The Consumer Financial Protection Bureaurecently released new regulationsaimed at making prepaid cards more secure and their fees and services more transparent. Although this isgood news for consumers,there is one catch: Theruleswon’tgo into effect until Oct. 1, 2017.
In the meantime, here’s what prepaid usersneed to know — and do — to keep their costs low and make the most of their cards.
Certainthings, like birthday cards from distant relatives, can be speed-read without much consequence. Prepaid card fee schedules don’t belong in this group.
Along with monthly service feesand ATM withdrawal surcharges, two fees common in the banking world, prepaid cardscan havetheir own unique set of surcharges. If you want to avoid these costs, it’s crucial to read thefine print before you commit to a card.
Service and transaction fees:Check to see whether a card charges transaction fees — typically around $1 or $2 per purchase — or a monthly fee; they usually don’t charge both. If you think you’ll use your card for daily purchases, opt for the latter.
Some of the best prepaid cards don’t charge transaction or monthly fees at all — or they might give customers ways to avoidthem, like maintaining a minimum balance.
Reloading fees: The best cards offer several free ways to load money onto the card. Other issuers may not be as generous, charging as much as $5 to reload your plastic at select retailers and offering only one or two free alternatives.
ATM fees: You’ll want to look for a prepaid card that comes with a wide ATM network. That should leave you less reliant on out-of-network cash machines, which can cost as much as $2.50 per withdrawal, plus fees charged by the ATM owner.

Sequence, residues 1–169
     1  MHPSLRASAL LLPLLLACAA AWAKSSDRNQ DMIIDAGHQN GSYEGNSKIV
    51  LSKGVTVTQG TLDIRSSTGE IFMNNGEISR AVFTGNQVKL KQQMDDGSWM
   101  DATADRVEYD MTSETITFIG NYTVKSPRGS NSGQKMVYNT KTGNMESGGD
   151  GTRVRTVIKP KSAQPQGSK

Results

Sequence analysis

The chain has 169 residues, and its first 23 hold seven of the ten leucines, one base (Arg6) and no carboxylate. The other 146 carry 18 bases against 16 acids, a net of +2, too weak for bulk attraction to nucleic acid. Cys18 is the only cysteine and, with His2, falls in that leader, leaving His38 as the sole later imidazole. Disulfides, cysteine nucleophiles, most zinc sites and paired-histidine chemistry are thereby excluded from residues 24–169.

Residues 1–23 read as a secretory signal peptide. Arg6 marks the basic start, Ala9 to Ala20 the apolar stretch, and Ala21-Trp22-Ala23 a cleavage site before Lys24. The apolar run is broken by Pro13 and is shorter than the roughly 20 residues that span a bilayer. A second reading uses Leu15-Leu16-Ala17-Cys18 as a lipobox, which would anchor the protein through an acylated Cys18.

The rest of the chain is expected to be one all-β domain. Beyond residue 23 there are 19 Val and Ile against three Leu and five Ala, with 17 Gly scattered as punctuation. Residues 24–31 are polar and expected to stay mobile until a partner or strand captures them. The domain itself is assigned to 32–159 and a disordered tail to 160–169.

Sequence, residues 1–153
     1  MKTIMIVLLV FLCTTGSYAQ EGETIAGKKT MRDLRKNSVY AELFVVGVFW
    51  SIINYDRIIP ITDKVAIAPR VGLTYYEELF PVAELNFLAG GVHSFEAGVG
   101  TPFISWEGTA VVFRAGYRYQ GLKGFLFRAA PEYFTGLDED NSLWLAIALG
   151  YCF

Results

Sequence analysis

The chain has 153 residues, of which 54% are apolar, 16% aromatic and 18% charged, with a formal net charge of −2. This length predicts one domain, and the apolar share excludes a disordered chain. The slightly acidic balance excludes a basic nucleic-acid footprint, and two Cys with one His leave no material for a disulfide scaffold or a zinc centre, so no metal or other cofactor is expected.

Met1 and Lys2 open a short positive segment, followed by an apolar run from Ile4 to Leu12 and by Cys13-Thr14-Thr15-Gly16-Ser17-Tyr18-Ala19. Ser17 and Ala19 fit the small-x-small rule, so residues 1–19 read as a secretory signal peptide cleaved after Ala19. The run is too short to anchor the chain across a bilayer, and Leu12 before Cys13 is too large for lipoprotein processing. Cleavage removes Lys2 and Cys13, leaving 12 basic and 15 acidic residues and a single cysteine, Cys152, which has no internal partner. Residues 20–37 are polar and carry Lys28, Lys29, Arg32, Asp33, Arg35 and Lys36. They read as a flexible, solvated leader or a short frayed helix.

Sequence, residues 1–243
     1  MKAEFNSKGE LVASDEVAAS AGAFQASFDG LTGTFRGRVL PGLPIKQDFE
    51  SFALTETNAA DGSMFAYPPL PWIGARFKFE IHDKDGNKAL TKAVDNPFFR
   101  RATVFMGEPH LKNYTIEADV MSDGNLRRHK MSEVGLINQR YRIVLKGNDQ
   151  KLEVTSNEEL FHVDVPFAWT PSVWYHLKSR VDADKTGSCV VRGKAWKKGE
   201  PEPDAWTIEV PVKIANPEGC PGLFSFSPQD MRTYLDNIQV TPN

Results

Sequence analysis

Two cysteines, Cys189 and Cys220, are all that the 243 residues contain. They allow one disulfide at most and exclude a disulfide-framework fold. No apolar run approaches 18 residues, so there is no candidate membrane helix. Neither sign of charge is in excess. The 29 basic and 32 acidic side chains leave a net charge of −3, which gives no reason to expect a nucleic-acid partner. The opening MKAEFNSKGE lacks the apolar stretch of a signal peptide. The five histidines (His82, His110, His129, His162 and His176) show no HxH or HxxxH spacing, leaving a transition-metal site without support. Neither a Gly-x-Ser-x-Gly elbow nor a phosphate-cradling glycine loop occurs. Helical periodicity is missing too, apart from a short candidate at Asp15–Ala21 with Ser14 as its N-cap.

Overdraft-related fees:If you want to eliminate fees wherever possible, you’ll want to prioritize cards that deny transactions that would incur an overdraft. Other prepaid cards offer overdraft protection services, which can cost as much as $15 per overdraft.
As it stands, prepaid card issuers aren’t required to offerprotections for lost cards or unauthorized transactions. That putsthe responsibilityon consumers to make surethe card they selecthas those kinds of safeguards. You may have to call the card’s issuer to unearth this information.
If you do need to dispute a transaction, you’ll want to know how best to reach your card’s issuer. Some charge a fee for speaking withcustomer service, so try to find a card that offers live support for free.
You’ll also want to select an issuer that’s insured by the Federal Deposit Insurance Corp. That means you wouldn’t lose anymoney — up to $250,000 — if the bank associated with the issuer failed. You’ll have to register yourcard with the issuer so the government knowsyou’re a cardholder, andtherefore would beowed money if the issuer were to fail.
Some prepaid cards don’t come withmonthly statements like credit and debit cards do, so you’ll need to find a differentway of monitoring your account balance and spending. Thiswill likely take the form of an online or mobile banking platform. If an issuer offers a mobile app, check its ratings on the iTunes and Android stores. Are reviews generally favorable?
Beyond an app’s ease of use, make sure it offers certain features, like a mobile check deposit service, which can save you time and money.Use a prepaid card to rein in spending
Once you’ve found a prepaid card that keeps costs low, focus on how to make the most of it. For one, prepaid cards can double as solid budgeting tools.
Since your spending is limited to the money loaded onto your card, you can be strategic with how much cash you load. Timing is another crucial factor. Adding too much money before you head to the mall, for instance, couldend up hurting your budget. Although theymay be subtle, these kinds of movescan help you make the most of your prepaid card.
The article How to Keep Prepaid Card Costs Low Until New Rules Take Effect originally appeared on NerdWallet.